from The American Heritage® Dictionary of the English Language, 4th Edition
- adj. Feeling or expressing sympathy, pity, or regret: I'm sorry I'm late.
- adj. Worthless or inferior; paltry: a sorry excuse.
- adj. Causing sorrow, grief, or misfortune; grievous: a sorry development.
from Wiktionary, Creative Commons Attribution/Share-Alike License
- adj. Regretful for an action; grieved or saddened, especially by the loss of something or someone.
- adj. Poor, sad or regrettable.
- interj. Expresses regret, remorse, or sorrow.
- interj. Used as a request for someone to repeat something not heard or understood clearly.
- n. The act of saying sorry; an apology.
from the GNU version of the Collaborative International Dictionary of English
- adj. Grieved for the loss of some good; pained for some evil; feeling regret; -- now generally used to express light grief or affliction, but formerly often used to express deeper feeling.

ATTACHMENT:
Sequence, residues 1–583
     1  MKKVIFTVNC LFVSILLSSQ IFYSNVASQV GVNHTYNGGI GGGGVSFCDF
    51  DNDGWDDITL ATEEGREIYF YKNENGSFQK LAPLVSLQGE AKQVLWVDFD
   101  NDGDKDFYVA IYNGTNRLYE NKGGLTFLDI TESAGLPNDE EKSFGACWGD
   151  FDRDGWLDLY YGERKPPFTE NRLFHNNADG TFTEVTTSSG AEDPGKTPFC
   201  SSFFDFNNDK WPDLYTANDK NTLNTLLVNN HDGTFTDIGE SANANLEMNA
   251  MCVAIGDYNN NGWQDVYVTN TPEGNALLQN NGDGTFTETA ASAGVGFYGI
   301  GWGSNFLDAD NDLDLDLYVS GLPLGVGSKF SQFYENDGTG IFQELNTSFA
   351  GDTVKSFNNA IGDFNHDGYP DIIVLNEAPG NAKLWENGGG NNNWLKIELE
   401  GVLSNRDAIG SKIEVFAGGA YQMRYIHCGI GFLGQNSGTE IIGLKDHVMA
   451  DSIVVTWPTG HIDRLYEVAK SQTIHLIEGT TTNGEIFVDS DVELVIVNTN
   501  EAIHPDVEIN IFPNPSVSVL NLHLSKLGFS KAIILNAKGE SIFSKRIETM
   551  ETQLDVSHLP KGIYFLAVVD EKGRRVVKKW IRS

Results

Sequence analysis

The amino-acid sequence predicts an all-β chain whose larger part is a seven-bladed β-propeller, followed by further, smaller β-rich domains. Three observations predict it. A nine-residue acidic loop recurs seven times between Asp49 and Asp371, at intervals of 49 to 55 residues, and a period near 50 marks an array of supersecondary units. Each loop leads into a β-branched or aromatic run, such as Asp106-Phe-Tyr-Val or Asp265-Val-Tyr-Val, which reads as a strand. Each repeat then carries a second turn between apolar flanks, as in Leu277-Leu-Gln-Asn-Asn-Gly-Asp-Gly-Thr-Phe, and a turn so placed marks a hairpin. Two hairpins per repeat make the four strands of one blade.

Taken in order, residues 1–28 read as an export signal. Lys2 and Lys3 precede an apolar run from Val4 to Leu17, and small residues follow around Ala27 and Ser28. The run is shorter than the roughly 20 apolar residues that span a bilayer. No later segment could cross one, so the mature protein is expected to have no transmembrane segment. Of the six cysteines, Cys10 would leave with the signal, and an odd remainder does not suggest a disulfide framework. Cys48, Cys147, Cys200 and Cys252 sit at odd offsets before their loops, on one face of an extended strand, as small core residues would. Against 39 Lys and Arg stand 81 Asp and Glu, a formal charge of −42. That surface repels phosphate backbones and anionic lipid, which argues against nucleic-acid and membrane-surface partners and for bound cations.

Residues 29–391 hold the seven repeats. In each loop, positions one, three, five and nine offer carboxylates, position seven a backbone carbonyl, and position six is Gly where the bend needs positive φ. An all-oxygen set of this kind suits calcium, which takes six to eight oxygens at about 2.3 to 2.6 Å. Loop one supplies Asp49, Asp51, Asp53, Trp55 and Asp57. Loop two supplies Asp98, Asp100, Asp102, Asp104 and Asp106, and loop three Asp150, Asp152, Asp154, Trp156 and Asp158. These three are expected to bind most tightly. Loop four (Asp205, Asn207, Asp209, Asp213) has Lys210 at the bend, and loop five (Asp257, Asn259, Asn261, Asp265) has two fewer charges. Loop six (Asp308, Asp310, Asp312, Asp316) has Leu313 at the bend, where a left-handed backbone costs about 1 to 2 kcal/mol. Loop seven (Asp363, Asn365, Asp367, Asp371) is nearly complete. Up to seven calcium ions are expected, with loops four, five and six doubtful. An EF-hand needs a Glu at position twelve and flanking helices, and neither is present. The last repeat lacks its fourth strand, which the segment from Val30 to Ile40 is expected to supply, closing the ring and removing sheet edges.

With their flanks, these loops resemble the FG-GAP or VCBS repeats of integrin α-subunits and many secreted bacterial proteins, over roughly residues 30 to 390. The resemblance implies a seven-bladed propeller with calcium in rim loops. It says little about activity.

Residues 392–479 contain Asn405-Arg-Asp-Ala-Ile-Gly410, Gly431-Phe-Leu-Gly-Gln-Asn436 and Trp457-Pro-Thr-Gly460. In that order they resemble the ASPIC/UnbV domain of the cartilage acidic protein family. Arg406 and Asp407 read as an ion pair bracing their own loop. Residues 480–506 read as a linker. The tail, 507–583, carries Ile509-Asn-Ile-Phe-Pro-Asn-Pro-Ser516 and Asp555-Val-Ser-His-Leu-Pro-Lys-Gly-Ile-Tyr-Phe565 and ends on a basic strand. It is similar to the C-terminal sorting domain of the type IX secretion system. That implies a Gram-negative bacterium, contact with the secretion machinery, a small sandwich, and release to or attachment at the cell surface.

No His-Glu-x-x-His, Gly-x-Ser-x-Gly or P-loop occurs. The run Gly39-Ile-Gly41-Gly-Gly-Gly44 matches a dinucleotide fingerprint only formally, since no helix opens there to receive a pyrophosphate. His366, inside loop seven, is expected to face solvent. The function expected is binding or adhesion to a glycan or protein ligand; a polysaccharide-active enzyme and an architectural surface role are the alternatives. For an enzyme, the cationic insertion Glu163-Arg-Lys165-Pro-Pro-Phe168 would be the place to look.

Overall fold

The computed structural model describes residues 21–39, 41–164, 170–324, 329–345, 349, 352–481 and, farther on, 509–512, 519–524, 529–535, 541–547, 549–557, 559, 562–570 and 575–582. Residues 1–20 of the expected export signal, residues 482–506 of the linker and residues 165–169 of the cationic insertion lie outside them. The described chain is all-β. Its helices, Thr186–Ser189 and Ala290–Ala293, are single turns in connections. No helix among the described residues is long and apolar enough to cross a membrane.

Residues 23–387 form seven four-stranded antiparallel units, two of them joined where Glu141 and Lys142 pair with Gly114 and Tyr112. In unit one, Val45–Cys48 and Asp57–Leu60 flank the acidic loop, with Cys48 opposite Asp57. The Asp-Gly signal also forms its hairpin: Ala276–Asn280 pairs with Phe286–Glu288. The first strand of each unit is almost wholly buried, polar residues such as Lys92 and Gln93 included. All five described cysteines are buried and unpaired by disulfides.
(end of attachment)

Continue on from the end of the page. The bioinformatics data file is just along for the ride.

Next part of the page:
- adj. Melancholy; dismal; gloomy; mournful.
- adj. Poor; mean; worthless.
from The Century Dictionary and Cyclopedia
- Feeling sorrow; grieved; sorrowful; unhappy; sad; pained; especially, feeling repentance or regret: noting either deep or slight, prolonged or transient, emotion.
- Causing sorrow; painful; grievous; mournful.
- Associated with sorrow; suggestive of grief or suffering; melancholy; dismal.
- Vile; wretched; worthless; mean; paltry; poor.
- Synonyms Vexed, chagrined.
- Pitiful, shabby.
- To sorrow; grieve.
from WordNet 3.0 Copyright 2006 by Princeton University. All rights reserved.
- adj. causing dejection
- adj. feeling or expressing regret or sorrow or a sense of loss over something done or undone
- adj. bad; unfortunate
- adj. without merit
Middle English sori, from Old English sārig, sad, from sār, sore.(American Heritage® Dictionary of the English Language, Fourth Edition)
From Middle English sory, from Old English sāriġ ("feeling or expressing grief, sorry, grieved, sorrowful, sad, mournful, bitter"), from Proto-Germanic *sairagaz (“sad”), from Proto-Indo-European *sayǝw- (“hard, rough, painful”). Cognate with Low German serig ("sick, scabby"), German dialectal sehrig ("sore, sad, painful"). More at sore. (Wiktionary)